Homer Alaska - Business

Story last updated at 8:05 PM on Wednesday, March 30, 2011

More to Cook Inlet fisheries than salmon




While the commercial salmon fishery in upper Cook Inlet provides the bulk of activity and revenue, there are ancillary fisheries that take place in salmon's shadow that get little notice.

These fisheries, along with salmon, are documented each year in the Upper Cook Inlet Annual Management Report produced by Pat Shields of the Alaska Department of Fish and Game in Soldotna. The 2010 report, which came out last month, is 190 pages long and full of interesting details and history.

For example, the commercial razor clam harvest on the west side of Cook Inlet, near Polly Creek, produced 380,000 pounds of clams (in-shell) last year, which sold for 62 cents per pound. Twenty-two diggers worked the beach on 56 different days between May 13 and July 27. The average sized clam was 5.6 inches long.

That is fairly consistent with the past few years. The 2009 season saw 20 diggers harvest 361,000 pounds at 62 cents per pound, with an average size of 5.5 inches. The 2008 season saw 21 diggers take 391,000 pounds for the same price, with an average size of 5.4 inches.

Clammers are allowed a 10 percent shell breakage, with the broken clams being dyed and used for bait. The minimum size limit is 4.5 inches, which would be considered an above-average sized clam for most personal-use diggers on the east side beaches around Clam Gulch and Ninilchik. Specimens as large as 12 inches have been found in Alaska, according toFish and Game. Cook Inlet is the northernmost range of the Pacific razor clam in Alaska.

Razor clams have been commercially harvested in Cook Inlet since 1919, with a harvest in excess of 500,000 pounds in 1922. The fishery has had a sporadic nature, with no harvests for as long as eight consecutive years, according to the management report. That was due more to market opportunity than product availability. There is no harvest limit by regulation; however, Fish and Game tries to keep the commercial harvest below 400,000 pounds.

Currently all harvesting is by hand, although regulations allowed for mechanical dredges prior to 1990 in some portions of the west side beaches. However, those operations were unsuccessful largely due to excessive shell damage and the limited number of clams in areas that were open to dredging.

Mechanical dredging is no longer allowed, but rusting, hulking remnants of the equipment littered beaches along Cook Inlet for many years. Some still remain, such as one in Chinitna Bay.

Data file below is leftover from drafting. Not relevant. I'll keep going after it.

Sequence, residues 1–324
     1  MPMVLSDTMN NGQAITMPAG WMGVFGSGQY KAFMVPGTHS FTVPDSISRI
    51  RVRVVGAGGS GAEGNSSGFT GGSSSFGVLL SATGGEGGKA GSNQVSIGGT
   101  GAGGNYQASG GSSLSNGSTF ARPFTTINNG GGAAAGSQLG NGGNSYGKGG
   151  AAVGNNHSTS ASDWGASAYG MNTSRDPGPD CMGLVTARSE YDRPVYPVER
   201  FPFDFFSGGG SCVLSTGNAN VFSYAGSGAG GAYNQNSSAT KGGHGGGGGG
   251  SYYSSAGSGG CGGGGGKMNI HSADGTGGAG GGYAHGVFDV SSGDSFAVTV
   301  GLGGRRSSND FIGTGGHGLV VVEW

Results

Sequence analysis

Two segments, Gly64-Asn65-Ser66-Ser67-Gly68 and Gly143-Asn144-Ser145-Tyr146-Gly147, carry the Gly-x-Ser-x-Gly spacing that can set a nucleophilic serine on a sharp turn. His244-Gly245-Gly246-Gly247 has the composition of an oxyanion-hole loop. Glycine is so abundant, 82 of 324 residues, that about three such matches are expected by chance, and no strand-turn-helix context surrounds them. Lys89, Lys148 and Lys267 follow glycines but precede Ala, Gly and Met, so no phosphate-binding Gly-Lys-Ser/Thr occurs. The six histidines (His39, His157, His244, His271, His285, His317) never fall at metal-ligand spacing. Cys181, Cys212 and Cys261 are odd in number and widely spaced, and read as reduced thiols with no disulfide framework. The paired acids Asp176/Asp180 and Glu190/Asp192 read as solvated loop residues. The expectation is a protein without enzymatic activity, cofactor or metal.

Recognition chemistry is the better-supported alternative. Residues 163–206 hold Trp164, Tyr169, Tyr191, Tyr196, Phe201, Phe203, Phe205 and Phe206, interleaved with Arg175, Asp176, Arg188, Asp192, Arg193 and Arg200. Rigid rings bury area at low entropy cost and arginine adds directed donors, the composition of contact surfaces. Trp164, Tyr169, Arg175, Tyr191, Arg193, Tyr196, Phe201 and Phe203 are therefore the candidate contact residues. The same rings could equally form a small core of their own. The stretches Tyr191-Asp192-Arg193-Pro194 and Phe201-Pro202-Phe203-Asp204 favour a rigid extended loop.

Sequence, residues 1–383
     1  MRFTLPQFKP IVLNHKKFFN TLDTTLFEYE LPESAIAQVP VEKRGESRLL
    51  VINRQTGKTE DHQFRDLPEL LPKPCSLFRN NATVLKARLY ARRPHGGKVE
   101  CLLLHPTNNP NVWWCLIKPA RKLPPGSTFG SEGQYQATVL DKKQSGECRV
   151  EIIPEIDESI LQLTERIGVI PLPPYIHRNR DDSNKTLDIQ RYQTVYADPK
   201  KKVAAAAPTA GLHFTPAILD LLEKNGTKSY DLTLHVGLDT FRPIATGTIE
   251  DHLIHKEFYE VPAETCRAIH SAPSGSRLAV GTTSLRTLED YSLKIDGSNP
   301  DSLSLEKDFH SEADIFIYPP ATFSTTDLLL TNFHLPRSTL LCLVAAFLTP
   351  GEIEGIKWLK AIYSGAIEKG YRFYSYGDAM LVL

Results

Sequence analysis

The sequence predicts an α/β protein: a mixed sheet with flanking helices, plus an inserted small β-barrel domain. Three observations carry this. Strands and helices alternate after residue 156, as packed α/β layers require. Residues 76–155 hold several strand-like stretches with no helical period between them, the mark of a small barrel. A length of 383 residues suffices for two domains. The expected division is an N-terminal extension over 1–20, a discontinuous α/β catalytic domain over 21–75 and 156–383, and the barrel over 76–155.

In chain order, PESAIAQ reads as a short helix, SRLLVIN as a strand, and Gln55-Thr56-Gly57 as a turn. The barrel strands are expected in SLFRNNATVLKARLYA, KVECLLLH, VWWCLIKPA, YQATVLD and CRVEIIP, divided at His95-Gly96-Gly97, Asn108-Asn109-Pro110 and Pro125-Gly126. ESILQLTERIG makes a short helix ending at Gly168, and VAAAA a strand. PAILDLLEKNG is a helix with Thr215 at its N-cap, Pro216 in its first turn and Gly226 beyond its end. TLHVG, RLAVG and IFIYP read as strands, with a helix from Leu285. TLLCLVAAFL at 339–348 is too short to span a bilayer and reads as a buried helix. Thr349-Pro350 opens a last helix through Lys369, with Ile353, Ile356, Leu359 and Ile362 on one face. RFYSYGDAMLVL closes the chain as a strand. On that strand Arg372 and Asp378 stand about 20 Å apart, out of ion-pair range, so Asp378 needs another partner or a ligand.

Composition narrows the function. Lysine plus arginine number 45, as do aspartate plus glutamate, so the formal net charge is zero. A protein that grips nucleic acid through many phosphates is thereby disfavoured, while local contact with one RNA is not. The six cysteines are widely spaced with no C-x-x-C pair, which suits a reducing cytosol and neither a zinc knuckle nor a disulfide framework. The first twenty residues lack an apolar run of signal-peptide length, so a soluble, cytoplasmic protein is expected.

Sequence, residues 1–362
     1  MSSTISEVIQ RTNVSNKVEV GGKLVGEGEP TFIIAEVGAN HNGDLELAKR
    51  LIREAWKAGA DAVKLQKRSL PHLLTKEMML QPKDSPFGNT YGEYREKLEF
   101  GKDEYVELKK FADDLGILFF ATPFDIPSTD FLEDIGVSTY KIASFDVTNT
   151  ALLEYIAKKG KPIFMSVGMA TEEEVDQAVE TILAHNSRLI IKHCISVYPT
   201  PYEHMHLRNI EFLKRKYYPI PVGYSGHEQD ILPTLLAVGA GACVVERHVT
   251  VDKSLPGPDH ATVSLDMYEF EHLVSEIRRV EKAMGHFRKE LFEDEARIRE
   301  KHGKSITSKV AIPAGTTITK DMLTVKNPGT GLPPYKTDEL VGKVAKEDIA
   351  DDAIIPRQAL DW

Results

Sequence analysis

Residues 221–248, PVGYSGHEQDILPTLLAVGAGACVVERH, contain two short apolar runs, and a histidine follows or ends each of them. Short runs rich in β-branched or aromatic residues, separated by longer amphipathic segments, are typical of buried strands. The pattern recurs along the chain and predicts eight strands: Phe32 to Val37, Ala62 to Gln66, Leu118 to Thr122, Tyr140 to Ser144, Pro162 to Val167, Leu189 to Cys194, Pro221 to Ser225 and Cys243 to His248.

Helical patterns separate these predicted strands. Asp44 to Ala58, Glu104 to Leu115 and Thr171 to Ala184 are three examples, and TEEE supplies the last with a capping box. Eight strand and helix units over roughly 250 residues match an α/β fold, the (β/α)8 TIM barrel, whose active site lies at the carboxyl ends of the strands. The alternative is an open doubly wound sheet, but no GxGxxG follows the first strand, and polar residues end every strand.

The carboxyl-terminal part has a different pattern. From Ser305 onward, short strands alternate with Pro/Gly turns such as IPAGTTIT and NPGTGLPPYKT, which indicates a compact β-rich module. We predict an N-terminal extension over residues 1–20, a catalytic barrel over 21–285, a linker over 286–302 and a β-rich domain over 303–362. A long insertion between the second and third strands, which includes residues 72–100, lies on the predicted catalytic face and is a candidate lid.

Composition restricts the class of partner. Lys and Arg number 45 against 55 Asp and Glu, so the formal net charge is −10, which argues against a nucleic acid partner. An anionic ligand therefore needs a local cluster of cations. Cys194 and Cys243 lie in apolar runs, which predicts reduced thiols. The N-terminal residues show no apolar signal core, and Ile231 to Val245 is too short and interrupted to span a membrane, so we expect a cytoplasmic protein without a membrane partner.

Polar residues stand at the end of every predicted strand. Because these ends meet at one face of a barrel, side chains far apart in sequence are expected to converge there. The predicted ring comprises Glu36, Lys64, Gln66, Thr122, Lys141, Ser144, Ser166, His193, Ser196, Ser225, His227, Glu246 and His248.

A limited commercial herring fishery has taken place in upper Cook Inlet since 1973, starting out as a bait-quality fishery and then expanding to a small sac-roe herring fishery in Chinitna and Tuxedni Bays in the late 1970s. The once-thriving sac-roe seine fishery in Kamishak Bay, which has been closed since 1998, is in the lower Cook Inlet management area.

A decline in herring stocks and a return of mostly older year-classes led to a closure of the Tuxedni Bay fishery after the 1991 season, and similar problems in Chinitna Bay led ADF&G to submit a proposal to the Board of Fisheries to open only those herring fisheries by emergency order beginning in 1993.

In 2010, 16.6 tons of herring were harvested by 13 permit holders, all of which were for personal use or sold as bait. Although the fishery is open to both set and drift gillnet, the harvest was exclusively taken by set gillnets.

Since the Prince William Sound and Kamishak Bay herring fisheries have remained closed for many years, the value of the Cook Inlet bait herring has increased in value and demand, fetching on average $1 per pound, or $2,000 per ton, far outstripping even last year's substantial price of $690 per ton for Sitka Sound herring. The herring are sold largely to sport and commercial halibut fishermen. The estimated ex-vessel value of the 2010 season was $33,000.

The 2011 herring fishery runs from April 20 through May 31.

There also has been a sporadic commercial smelt (hooligan) fishery since 1978, with harvests from 300 pounds to more than 127,000 pounds.

The fishery has been open for dipnetting only and has had active participants since 2006, and while only three permits were issued in 2010, down from a high of 11 in 2007, those three permits were responsible for a harvest of 126,135 pounds of smelt.

In the management report, Shields comments: "The harvest cap for this fishery is 100 tons, which easily could have been caught based on reports from those fishermen who took part in the fishery, as significant quantities of smelt were observed migrating up the Susitna River. Fishermen were able to dip net the fish in a relatively short period of time."

Shields says that estimating the ex-vessel value of the fishery is very difficult. Participants catch and market all of their harvest themselves. Most of the product is transported via boat to the Kenai Peninsula where it is boxed and frozen for shipment to the West Coast of the United States.

The vast majority of the harvest is sold as bait, with smaller amounts for human consumption. The final value of the smelt fishery is, therefore, unknown, but it easily exceeds $1 per pound, for an ex-vessel value of more than $126,000.

The management report also details the subsistence, educational and personal use salmon fisheries that occurred in 2010, along with the Beluga River Senior Citizen personal use dipnet fishery, adding some history along with the numbers.

Find the 2010 Upper Cook Inlet Annual Management Report at www.sf.adfg.state.ak.us/.

Cristy Fry has commercial fished out of Homer and King Cove since 1978. She can be reached at realist468@gmail.com.

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